A legend of late-night television, David Letterman originated The Late Show for CBS in August 1993 and would stay at the helm until his retirement in May 2015 — he was succeeded by current host Stephen Colbert.
For the first time since metaphorically handing over the baton, Stephen Colbert welcomed David Letterman back to the Ed Sullivan Theater and to The Late Show on Monday night. The late-night legend was greeted with the first of two standing ovations.
“Oh my god, Stephen control your audience,” Letterman said after the furor finally died down. “I will say this is the most enthusiastic audience I have been near since the night I announced I was quitting.”
As sharp as ever, there was a humility in Letterman’s demeanor that was evident throughout his visit. In many ways, he was the quintessential guest, sharing stories and quips, but at other times it almost felt as if he was settling back into his own show.
Ever the gracious host, Colbert was more than happy to let Letterman do his thing, from any side of the desk. He had nothing but praise for Colbert’s Late Show, saying the host makes it look easy, when they both know it’s anything but.
He even praised the upgrades to the Ed Sullivan Theater in the past eight years, including his dressing room. “The dressing room is better than the nicest hotel room I’ve ever stayed in in my life,” he said. “I’ll be here through Christmas.”
The hosts recalled some of their last visits together, with Colbert seemingly having a stronger recall of those chats. Letterman said he mainly remembered just two things from their final meeting before Colbert took over.
He remembered showing the former Colbert Report host how to operate the building’s old freight elevator — which they both oohed and aahed about again — and then he remembered one odd question Colbert asked him.
“He said, ‘Do you have in this building a hidey hole?’ I hadn’t heard hidey hole in forever,” remembered Letterman’ “I’m thinking, What kind of a show is this guy gonna do that he needs someplace to hide?”
As Colbert explained, he’d be wanting to hide from his producers. He also shared that Letterman told him where one was, though the former host didn’t seem to recall where it was. Colbert wasn’t going to remind him, either, because then it would be useless as a hidey hole!
They also bonded over fatherhood, and the shockingly blink-of-an-eye transition from taking them home from the hospital only to turn around and drop them off at college.
After commiserating about just how quickly it happens, Colbert concluded, “Don’t have children. It’s not worth it.”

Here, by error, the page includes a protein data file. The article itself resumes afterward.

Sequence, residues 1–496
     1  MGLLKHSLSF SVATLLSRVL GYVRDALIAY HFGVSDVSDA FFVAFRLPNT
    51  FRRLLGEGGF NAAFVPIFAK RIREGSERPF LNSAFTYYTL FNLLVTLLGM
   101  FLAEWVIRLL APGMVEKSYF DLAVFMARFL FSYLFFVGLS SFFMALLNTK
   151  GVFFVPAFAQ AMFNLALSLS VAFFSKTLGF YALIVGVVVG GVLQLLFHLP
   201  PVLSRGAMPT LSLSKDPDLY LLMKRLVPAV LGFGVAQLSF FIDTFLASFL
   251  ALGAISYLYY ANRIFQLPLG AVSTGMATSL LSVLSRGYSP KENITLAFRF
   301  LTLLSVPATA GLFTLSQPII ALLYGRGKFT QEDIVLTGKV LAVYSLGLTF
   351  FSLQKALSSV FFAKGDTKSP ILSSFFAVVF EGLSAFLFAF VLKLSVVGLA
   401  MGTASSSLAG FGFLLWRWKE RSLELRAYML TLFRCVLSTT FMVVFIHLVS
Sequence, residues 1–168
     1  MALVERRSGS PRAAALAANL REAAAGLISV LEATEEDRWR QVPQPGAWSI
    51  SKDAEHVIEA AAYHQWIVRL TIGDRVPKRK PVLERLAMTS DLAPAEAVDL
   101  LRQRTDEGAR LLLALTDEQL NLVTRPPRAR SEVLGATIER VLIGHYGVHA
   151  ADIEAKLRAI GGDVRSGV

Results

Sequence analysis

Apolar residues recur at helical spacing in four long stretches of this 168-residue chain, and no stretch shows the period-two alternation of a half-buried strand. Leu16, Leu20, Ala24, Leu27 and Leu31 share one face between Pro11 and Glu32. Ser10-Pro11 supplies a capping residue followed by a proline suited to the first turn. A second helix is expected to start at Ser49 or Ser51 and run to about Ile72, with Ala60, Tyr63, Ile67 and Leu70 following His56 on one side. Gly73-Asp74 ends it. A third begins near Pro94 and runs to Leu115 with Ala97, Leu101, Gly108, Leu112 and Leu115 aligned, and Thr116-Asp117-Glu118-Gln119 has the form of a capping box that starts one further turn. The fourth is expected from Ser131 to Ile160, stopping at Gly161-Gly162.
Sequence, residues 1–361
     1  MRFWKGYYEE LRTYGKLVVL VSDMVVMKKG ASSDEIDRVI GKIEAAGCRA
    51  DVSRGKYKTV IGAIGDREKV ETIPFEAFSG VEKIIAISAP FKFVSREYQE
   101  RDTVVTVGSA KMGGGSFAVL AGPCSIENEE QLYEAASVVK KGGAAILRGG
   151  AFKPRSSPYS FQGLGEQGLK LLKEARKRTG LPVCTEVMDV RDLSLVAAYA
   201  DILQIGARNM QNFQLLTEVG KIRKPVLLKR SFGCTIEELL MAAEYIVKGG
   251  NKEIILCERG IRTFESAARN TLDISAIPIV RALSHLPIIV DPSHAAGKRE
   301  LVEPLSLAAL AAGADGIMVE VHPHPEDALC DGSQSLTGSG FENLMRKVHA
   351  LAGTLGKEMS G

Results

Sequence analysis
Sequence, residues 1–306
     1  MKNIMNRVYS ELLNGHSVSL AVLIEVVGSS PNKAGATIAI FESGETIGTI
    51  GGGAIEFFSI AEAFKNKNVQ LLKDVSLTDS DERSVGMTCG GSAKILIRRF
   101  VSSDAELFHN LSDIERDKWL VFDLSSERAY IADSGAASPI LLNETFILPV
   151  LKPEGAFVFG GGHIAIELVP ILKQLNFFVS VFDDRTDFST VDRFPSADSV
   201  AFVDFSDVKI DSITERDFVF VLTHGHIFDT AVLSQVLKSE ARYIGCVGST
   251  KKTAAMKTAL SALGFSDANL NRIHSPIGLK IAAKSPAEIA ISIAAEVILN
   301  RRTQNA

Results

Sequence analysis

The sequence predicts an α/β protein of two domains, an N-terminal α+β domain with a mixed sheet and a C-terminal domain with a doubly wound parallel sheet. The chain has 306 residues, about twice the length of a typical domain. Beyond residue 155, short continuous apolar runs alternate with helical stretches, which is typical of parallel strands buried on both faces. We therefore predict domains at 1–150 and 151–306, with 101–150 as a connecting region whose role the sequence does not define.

Letterman than started talking about what he and his wife do with all their free time now that their son is away at college. It includes making lists and going shopping.
All of this was to set up a CVS story that brought us all the way back to when Letterman used to host this show every night. We started hearing Paul Shaffer’s reactions to the various beats of the story as Letterman meandered his way to the point, and to the laugh.
Just like Foo Fighters flew across the world to be on Letterman’s first show back after his heart surgery, he said that The National did the same thing to appear for his big return to the Ed Sullivan Theater.
When asked about other memorable moments across his 4,000+ shows in this theater, Letterman recalled every time Green Day would appear in particular.
“Whenever Green Day would be on, I was frightened by the drummer,” he told Colbert. “Whenever they would finish, he would charge the desk and lunge at me to the point where I assumed he was kidding around — perhaps he wanted to hurt me.”
Ultimately, Colbert pulled out a photo the two of them had taken during Colbert’s last appearance as a guest before he took over. When he asked if Letterman would be willing to recreate it, Letterman asked if that meant he could sit behind the desk.
Once back there, he got his second standing ovation of the night, which touched and surprised him. He then admitted to Colbert, “In my day, I never would have let this happen, so thank you.”
His last joke (for now) from behind the Late Show desk was telling Colbert and the audience that they’re doing this “because my son doesn’t believe I had a show.”
Letterman began his late-night career as host of Late Night on NBC starting in February 1982 and lasting until June 1993. After he was passed up for The Tonight Show in favor of Jay Leno, he shifted from NBC to CBS’ Late Show, launching the new series just two months later.
Across both, Letterman hosted 6,080 episodes, making him the longest-serving late-night talk show host in American television history, surpassing his legend — the “Mount Olympus” of late-night, as he dubbed him tonight — Johnny Carson.
In introducing Letterman to his show, Colbert dropped a nod to his predecessor’s new show. A long-form interview show that premiered on Netflix in 2018, My Next Guest Needs No Introduction has welcomed such famous people as Barack Obama, Malala Yousafzai, JAY-Z, Ellen DeGeneres, Billie Eilish, and Volodymyr Zelenskyy.